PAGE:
Photos and Interview by Jordan Edwards
Makeup by Jill E. Clark

For her latest single, Polartropica decided to try something new. "GIVE THEM HELL (Serial Killer Slayer)" is a bright, surf rock jam perfect for a summer afternoon drive. The track is a departure from the pop sound found on her 2020 album, Dreams Come True. When it premiered in February, NPR described it as "an ode to the L.A. underground music scene and a call to listeners to gather their own community of superheroes." It's impossible not to feel pumped up after listening to it.

The Taiwan-born, Los Angeles-based musician spoke to us about making the track and its music video, which you can watch below.

"GIVE THEM HELL (Serial Killer Slayer)" has more of a rock sound compared to most of the tracks on Dreams Come True. Is this sound indicative of future releases?
We have a few gnarly surprises up our sleeves, so everyone is just going to have to wait and see. You just never really know what sort of explosive dreaminess or glittery nightmare we're cooking up over here.

The music video is wild. It includes these video game-inspired fight scenes. What was it like filming that?
Thank you! Filming the fight scenes in Chinatown with director Wes O'Connor and the talented actors, dancers, and fighters was a total thrill and joy. I still get chills thinking back to that night.

What’s your songwriting and production process? Is there a producer you really trust?
Some of the music I write we play live for a few months before heading into the studio to track. For other songs, I will make the rough demos on my own and delve deeper into the production and sound of the track while recording with my good friend, talented producer, and engineer Mike Rodriguez at his studio in Tulsa, Oklahoma.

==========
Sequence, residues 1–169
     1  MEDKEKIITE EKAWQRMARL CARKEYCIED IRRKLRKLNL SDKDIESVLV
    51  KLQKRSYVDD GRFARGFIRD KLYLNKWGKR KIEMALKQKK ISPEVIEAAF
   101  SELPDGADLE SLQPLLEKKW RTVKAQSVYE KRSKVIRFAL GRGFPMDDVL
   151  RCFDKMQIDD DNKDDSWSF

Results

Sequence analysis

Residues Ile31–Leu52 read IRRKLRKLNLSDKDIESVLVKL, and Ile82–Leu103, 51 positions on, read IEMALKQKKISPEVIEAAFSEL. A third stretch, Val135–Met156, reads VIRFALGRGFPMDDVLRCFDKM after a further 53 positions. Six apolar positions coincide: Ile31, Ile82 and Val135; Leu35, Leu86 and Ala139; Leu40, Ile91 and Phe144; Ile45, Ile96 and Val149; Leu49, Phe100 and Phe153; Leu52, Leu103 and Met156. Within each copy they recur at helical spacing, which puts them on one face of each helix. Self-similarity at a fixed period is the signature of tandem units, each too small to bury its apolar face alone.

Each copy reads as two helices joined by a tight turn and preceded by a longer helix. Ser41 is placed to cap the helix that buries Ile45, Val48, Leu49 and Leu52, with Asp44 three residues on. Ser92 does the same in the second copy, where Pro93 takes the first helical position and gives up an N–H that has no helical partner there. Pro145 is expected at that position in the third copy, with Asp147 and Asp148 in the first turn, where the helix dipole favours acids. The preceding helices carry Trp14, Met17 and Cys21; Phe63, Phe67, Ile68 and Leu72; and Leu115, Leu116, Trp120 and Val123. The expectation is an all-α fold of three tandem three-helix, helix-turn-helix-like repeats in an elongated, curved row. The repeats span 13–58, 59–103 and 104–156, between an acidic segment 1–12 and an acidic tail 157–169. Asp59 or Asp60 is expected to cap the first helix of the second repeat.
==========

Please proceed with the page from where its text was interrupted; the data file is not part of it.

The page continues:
What kind of music did you listen to growing up?
I started my musical journey playing classical piano and trumpet in orchestra and jazz bands, but always loved pop music and got into rock when I got older. My dad was super into The Carpenters and John Denver, and my mom listened to a lot of Celine Dion and Chinese pop ballads.

When did you move to the US? Why was that the right move for you?
I moved to the US when I was about 2 years old, and it was definitely the right move because I was way too young to be on my own in Taiwan.

Your style is amazing. So much color. What inspired it?
First, I am a bit like a trash panda raccoon. I enjoy bright colors, and sparkly things are delightful to play with. I won't go into it too much, but I was coming out of a depressive, dark period, and very vividly I can remember coming outside and seeing everything so bright, warm, and colorful. No matter how I'm feeling or doing, having colors on me that I enjoy sort of brings me back to that moment. I also love sportiness and mobility in my pieces, but also the contradictions of functionality and fashion. Maximalism is a major theme in my styles, but I also love outfits with clean, sleek lines. I love exploring textures--the way they feel, reflect the light, how they can invoke memory and feelings of sensuality or a completely different time and space.

Tell me about Squidtropica.
Squidtropica is an IG platform showcasing QTBIPOC artists of all mediums, resources for artists, and micro-grants periodically when available. The eclectic feed is curated mostly by Lauren YS, and occasionally Polartropica!

Who have you been listening to lately?
I have been listening to Lolo Zouaï, Lil Nas X, Megan Thee Stallion, Doja Cat.

Any shows coming up?